Those who endorsed National Review’s line on TARP may be pleased to know that I have been rethinking my position. There are those conservatives who ask themselves, “What would Jesus do?” There are those who ask, “What would Ronald Reagan do?” There are even a few who ask, “What would Russell Kirk do, other than pour himself a scotch and shake his head sadly before writing another 1,000 pages?” I ask myself, “What would Milton Friedman do?”
Milton Friedman would have supported a bank bailout.
Or it seems he would have, given that a bank bailout is more or less what he prescribed for the last great financial crisis, the one leading up to the Great Depression, which he dwells upon at some length in his Monetary History of the United States, 1867–1960.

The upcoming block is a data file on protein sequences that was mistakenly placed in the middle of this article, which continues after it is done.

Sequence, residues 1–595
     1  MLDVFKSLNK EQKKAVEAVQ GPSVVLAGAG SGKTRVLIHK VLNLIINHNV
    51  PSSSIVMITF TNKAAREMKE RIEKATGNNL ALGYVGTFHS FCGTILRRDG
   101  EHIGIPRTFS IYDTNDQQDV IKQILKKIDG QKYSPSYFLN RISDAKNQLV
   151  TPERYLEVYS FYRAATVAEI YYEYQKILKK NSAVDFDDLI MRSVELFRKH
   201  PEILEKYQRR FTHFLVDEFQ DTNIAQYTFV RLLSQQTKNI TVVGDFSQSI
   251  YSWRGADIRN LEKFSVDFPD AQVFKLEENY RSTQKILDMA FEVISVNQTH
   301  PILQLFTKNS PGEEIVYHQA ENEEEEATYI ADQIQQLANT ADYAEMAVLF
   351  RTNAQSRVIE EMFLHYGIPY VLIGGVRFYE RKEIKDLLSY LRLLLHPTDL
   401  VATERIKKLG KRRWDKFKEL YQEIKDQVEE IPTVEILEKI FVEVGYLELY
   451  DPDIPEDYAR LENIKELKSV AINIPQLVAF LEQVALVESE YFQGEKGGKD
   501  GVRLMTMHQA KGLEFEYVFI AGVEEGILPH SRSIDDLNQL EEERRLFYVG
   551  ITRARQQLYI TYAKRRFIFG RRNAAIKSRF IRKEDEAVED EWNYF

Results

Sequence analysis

I love reading Williamson in NR and on Bloomberg. This has been my positional all along, though I've been wavering lately having seen where it has led.
More on the Fed:
Along with the Federal Deposit Insurance Corp. and other institutions of that kidney, the Fed’s existence is an implicit judgment that bankruptcy law and normal market processes are insufficient in the case of banks. That may be a faulty judgment, but it is a very longstanding one, and it is owed some consideration.Williamson isn't saying he loves TARP, just that it might have been the lesser evil.
Likewise, those who supported the bailout must surely believe that we ought to live in a country in which the damage it is going to do will be minimized, in which it is temporary, and in which we will act with all deliberate speed to undo those federal incursions into the economy — a world in which the ratchet of statism turns both ways. Good luck with that.